We walked into town to get some lunch and took our picnic to a little park to eat in a sheltered corner.  Our picnics have become a favourite group activity.  We head out together to the supermarket and trawl the aisles looking for delicious treats.  People call out as they consider purchases: "shall we get cherries or blueberries?"  "Do you want brie or some of that washed rind?"  "OMG I just found Lindt rasberry ganash - it will go perfectly with a red, can someone pick up a bottle of pinot?"  Lunch isn't a quick snack on the run, its an epic event where everyone sits around companionably, passing cheese and baguettes and pouring bottles of wine.  Between us, we have a packet of serviettes, multipack of wine glasses, a bottle opener and knife for cheese and salami.

Next we walked down to the river to walk out onto the famous Avignon bridge.  I wrote about it on my last visit last year so I won't go into it now except to say that it was WINDY! I was very glad to be wearing trousers.  

Then we climbed up one of the towers to the gardens above. These were closed due to rain last year so I was glad to see them.  The wind was even stronger on the outer edges of the park, but reasonably sheltered once you got in among the trees. We wandered around for a bit and then made our way down the other side of the hill to the Pope's Palace where the group seperated to do our own thing.  Some of us went into the Pope's Palace (see last year's notes) before finding a cafe for a coffee and a sit down.  Then we wandered the streets and watched the street performers till it was time for dinner.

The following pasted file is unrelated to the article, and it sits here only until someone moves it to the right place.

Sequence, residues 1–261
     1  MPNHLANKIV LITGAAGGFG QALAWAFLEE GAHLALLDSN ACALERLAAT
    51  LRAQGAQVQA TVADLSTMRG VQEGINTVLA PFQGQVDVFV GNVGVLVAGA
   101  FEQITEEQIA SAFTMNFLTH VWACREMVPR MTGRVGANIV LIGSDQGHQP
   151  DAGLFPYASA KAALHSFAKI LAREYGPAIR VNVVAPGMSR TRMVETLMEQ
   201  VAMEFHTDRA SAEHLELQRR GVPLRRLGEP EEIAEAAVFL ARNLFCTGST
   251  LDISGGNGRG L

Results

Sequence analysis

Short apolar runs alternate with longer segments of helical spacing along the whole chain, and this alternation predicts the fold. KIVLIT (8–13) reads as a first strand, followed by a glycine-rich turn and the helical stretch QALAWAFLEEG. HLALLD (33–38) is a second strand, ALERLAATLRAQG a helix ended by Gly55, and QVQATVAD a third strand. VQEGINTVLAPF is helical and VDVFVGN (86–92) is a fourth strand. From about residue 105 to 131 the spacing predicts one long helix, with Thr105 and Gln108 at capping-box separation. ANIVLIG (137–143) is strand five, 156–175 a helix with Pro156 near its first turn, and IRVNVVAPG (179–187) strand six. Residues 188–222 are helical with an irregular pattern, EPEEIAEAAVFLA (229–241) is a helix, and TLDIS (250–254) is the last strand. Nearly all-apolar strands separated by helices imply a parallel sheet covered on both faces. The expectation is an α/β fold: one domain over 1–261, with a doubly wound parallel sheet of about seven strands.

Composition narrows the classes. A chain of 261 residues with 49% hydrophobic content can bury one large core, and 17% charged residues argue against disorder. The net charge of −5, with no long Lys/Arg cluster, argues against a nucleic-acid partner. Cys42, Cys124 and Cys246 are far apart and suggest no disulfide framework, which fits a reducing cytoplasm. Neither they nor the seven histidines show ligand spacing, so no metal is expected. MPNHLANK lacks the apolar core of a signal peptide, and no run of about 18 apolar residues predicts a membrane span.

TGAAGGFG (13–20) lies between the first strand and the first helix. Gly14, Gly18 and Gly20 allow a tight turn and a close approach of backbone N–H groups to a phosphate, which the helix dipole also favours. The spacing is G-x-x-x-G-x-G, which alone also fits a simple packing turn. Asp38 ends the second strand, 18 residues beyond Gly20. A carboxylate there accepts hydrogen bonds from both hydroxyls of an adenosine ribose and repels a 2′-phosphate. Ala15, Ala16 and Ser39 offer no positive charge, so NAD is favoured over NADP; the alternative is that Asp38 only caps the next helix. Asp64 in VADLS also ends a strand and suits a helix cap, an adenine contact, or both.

We ate at a little sidestreet cafe and enjoyed creamy pasta with truffles.  The food was very simple, but absolutely amazing and it was the best truffle pasta I've ever had.  Finished up with Creme Brulle, and a jug of wine and we were all very happy and tired.